Legislators are not above the law, but legislatures — the place where laws are made — a House of Parliament or a state Assembly or Legislative Council chamber — are privileged sites, where the law and order machinery of the State, as embodied in the police force, may not intervene — and interfere with proceedings. The legislature, therefore, has marshals who obey the Speaker or Chairman and have been known to deal with unruly situations with firmness.
The logic is if elected representatives of the people were to be interfered with in the performance of their constitutionally mandated duties, then why bother having elections? A despotic executive may then do as it pleases.
In a democracy, these are matters that lie in the realm of first principles. If this were not the case, the majority party which runs the government will be at liberty to send the police into silence opponents through force, pass unhindered any laws it likes and in the manner it likes, without fear of criticism. Then law-making may be conducted with the peace of the graveyard reigning.
Such a state of affairs will produce order and harmony of a kind that behoves a police state even if it masquerades as a democracy. Such examples are not unknown in the world. In India, however, we have been proud to run a noisy democracy. This has given us prestige even among autocracies which may sometimes denounce us but also envy us.
In light of this, what was witnessed in the Bihar Assembly last Tuesday can only fill every Indian with shame. MLAs of Opposition parties, men and women, were dragged on the ground by the police who had been called in. The scene that was telecast was one of brutality. Legislative decorum was being given a severe beating.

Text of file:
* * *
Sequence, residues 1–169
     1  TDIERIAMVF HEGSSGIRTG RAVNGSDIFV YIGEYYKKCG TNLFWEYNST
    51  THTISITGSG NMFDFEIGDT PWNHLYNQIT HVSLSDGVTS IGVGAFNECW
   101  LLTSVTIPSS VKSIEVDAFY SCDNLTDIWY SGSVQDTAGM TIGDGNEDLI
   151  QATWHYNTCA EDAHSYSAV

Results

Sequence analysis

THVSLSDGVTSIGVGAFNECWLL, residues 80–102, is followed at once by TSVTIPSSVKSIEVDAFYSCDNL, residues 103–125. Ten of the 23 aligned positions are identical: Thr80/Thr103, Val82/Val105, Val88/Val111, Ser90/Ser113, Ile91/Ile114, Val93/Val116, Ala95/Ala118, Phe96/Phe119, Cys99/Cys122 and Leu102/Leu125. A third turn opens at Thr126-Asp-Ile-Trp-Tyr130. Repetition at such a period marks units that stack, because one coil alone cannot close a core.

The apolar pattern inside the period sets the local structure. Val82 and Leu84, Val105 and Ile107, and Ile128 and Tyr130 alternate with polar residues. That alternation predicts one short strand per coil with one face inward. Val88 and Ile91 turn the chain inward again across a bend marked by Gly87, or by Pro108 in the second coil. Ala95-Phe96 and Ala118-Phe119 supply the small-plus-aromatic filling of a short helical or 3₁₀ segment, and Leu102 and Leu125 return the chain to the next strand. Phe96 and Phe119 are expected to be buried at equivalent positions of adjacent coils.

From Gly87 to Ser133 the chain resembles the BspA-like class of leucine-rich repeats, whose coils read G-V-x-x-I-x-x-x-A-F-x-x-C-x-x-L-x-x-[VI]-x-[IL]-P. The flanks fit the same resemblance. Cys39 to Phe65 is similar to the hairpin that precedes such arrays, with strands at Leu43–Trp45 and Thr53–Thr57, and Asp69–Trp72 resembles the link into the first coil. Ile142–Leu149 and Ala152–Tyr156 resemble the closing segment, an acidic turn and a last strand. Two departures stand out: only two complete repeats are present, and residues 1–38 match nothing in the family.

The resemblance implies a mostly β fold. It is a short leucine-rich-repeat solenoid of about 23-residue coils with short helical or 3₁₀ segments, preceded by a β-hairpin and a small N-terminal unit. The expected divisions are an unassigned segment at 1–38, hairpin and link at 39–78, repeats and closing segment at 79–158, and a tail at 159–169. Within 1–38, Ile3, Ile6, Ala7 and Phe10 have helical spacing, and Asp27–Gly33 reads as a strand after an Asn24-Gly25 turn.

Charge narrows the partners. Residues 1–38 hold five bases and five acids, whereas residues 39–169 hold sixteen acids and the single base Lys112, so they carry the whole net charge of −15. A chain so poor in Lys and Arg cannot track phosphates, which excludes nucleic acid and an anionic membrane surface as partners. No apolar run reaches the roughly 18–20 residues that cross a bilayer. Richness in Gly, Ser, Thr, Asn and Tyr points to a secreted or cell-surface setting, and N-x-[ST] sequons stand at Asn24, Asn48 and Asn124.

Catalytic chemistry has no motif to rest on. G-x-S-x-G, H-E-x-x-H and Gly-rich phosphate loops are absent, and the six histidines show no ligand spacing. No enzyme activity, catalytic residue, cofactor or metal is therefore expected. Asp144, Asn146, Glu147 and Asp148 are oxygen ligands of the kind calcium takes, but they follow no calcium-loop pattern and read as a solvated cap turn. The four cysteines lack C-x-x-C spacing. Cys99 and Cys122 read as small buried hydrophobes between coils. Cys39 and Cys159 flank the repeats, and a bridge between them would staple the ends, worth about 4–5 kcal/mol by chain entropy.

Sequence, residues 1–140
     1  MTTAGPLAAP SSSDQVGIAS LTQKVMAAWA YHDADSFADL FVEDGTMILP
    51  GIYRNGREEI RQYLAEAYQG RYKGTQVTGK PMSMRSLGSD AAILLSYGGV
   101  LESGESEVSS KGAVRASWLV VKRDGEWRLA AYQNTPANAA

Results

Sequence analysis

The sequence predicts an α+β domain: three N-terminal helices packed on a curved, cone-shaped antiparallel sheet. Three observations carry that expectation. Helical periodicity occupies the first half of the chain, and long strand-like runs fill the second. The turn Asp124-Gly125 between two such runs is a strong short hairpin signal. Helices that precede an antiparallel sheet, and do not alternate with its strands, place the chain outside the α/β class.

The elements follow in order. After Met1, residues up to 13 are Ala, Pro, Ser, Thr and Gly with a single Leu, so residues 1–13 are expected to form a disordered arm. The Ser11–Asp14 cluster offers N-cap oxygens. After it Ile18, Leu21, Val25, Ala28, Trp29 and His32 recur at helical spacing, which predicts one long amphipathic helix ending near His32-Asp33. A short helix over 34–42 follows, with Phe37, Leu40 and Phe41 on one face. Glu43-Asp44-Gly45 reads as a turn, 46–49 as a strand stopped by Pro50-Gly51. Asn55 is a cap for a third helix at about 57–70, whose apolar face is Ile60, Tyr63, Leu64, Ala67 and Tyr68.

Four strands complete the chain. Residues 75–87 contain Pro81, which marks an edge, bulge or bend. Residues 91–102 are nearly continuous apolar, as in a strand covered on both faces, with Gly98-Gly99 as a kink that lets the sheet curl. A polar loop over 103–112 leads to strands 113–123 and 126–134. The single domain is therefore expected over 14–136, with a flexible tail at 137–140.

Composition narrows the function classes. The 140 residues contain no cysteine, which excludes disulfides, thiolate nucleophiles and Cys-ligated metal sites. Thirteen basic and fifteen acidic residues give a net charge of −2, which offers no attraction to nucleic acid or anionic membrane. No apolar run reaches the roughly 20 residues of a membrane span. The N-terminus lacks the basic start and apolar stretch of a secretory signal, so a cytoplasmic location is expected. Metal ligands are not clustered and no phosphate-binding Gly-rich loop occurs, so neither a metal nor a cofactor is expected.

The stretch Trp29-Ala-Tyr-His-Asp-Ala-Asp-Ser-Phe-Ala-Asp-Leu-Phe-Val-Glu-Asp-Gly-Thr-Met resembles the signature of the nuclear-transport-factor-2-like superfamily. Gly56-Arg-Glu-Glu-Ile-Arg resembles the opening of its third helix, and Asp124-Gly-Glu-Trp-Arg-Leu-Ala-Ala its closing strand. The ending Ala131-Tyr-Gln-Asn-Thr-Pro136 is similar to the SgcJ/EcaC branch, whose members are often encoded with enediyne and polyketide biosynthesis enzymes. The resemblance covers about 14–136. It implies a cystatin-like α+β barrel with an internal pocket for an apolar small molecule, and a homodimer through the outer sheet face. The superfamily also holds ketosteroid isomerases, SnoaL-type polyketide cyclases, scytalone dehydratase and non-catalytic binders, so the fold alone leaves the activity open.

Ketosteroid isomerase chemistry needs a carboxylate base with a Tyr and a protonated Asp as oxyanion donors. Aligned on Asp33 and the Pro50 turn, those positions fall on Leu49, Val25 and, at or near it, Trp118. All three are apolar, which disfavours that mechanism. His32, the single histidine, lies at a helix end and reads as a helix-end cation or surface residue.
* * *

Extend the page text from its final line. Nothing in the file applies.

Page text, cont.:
Chief Minister Nitish Kumar appeared later to justify the police action, referring only to the bedlam his party’s opponents were creating. Does he remain his own master, or is he dancing to the tune of his alliance partners who now appear to direct his every action and place him in the position of a puppet? On a subsequent day, standing up to speak in the Legislative Council, the CM, according to one report, “quivered” with anger as he continued to denounce the conduct of the Opposition. Not one word about the rights and wrongs of the police entering the legislative chamber.
The Opposition MLAs, led by RJD, had indeed been unruly in mounting their criticism of the Bihar Special Armed Police Bill, 2021, at the introduction stage. This is to be a state paramilitary force apparently on the lines of CISF, with the difference that it will have the power to arrest. In India, only civil police in a state have been given this power. Such a Bill is weighted against citizens. Some reports suggest Opposition parties tried to prevent the Speaker from coming out of his chambers. This is crossing the line. In such situations, marshals are known to be resourceful and vigorous, and are trained to deal with legislators.
If the Speaker called in the police, did he act on his own or did he act on advice? The circumstances are murky, to say the least, and deserve to be enquired into without delay. The CM, for his part, should be contrite, not brazen....